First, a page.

The genres, codes, conventions and symbolic forms of messages shape perception and interpretation.
Hobbs Named Founding Director of URI Harrington School of Communication and Media
Renee Hobbs has accepted a position as the Founding Director of the Harrington School of Communication and Media at the University of Rhode Island, beginning January 1, 2012. The Media Education Lab continues its work with support from Lab Manager Jonathan Friesem. Watch this video to learn more about the new school:
KINGSTON, R.I. – October 11, 2011 – The University of Rhode Island has appointed a national authority on media literacy education to head its new Harrington School of Communication and Media. Renee Hobbs, a professor of communications in Temple University’s Department of Broadcasting, Telecommunication and Mass Media, and School of Communications and Theater, will begin her new duties at URI Jan. 1, 2012. She has been visiting the Kingston campus regularly to meet with members of the Harrington School advisory board.
Hobbs is the first director of the Harrington School at URI, which brings together departments and programs in journalism, film/media, communication studies, public relations, writing and rhetoric and a graduate program in library and information science.
The school was established in 2008 through a $5.5 million donation by Richard J. Harrington, former president and chief executive officer of Thomson/Reuters, and a 1973 College of Business Administration graduate of URI, and his wife, Jean.
Winifred E. Brownell, dean of URI’s College of Arts Sciences, the academic home of the Harrington School, said the University is delighted to welcome an outstanding educator, researcher and innovator.
“Dr. Hobbs is going to establish the Harrington School as a school of national and international distinction,” Brownell said. “We will develop strategic international links and partnerships because we are preparing our students for careers in the state, nation and the world. Renee Hobbs has the knowledge, the expertise and creative entrepreneurial ideas to create a transformative model here at URI, across the nation and throughout the world.”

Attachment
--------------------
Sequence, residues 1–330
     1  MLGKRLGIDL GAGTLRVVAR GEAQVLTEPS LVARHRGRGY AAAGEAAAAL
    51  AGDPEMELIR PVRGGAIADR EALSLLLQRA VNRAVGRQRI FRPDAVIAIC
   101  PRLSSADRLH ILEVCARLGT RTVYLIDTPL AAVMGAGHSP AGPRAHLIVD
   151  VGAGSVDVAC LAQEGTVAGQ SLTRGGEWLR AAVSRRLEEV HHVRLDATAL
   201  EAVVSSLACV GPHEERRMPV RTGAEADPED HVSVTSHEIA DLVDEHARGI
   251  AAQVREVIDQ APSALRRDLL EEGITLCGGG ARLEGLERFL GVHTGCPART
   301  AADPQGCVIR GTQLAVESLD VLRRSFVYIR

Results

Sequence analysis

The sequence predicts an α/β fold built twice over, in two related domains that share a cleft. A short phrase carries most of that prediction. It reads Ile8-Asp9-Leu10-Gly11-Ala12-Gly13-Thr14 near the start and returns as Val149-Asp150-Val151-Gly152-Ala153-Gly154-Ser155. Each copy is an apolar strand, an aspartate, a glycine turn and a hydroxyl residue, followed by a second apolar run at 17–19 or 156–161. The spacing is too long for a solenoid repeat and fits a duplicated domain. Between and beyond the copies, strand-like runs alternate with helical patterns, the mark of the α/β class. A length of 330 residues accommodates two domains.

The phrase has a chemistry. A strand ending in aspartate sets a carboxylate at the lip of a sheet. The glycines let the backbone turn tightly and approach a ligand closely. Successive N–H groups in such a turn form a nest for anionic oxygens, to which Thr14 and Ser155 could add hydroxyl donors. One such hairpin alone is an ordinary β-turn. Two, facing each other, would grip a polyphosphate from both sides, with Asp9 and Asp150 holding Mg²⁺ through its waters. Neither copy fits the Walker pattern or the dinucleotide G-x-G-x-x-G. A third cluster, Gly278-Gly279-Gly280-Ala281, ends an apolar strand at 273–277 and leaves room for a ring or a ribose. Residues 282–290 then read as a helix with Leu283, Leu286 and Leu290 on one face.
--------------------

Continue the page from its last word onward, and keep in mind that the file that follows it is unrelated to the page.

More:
Harrington said he is impressed with Hobbs’ breadth of experience in a constantly changing arena. “Dr. Hobbs brings a comprehensive and innovative approach to this position, which is critical in today’s world because communication and information technologies are all about mind boggling change. She is talking about building something here that will have a great impact at URI and society as a whole.”
Hobbs is a leading authority on media literacy education in the United States. She established the Harvard Institute on Media Education at the Harvard Graduate School of Education, the first national program of teacher professional development in media literacy in the United States.
In Philadelphia, Hobbs developed Powerful Voices for Kids, a university-school partnership that offers a comprehensive digital and media literacy program for children and young people in kindergarten through high school.
Hobbs said she was attracted to URI because it represents a chance to start a new school of communications that builds on the cornerstones of journalism, communication studies, public relations and film/media and brings in writing and rhetoric and library sciences.
“This approach changes the whole ballgame for students who want to be communicators in the 21st century,” Hobbs said. “Communication schools can no longer be confined to narrow vocational disciplines if they want to serve students well. We are going to create a new vision that means thinking about students as global communicators and citizens in a democracy.”
She emphasized that verbal and written expression will remain at the heart of the Harrington School.
“But because of the generosity of Dick Harrington, students will be able to strengthen their abilities to use digital and social media tools, including video production and gaming. By including library science in our school, students gain the ability to recognize what is reliable, what are the good sources. Anyone can type in keywords on Google, but there are a wide range of more sophisticated tools that students need to be able to use well.”
Hobbs has also published extensively, with her latest book, Digital and Media Literacy: Connecting Culture and Classroom, offering portraits of how secondary educators integrate critical thinking and communication skills across the curriculum. She is also the co-editor of the Journal for Media Literacy Education, an open-access, peer-reviewed journal.
Hobbs earned her doctor of education degree in human development from the Harvard Graduate School of Education, a master of arts in communication from the University of Michigan, and a bachelor of arts in English literature and film/video studies from the University of Michigan.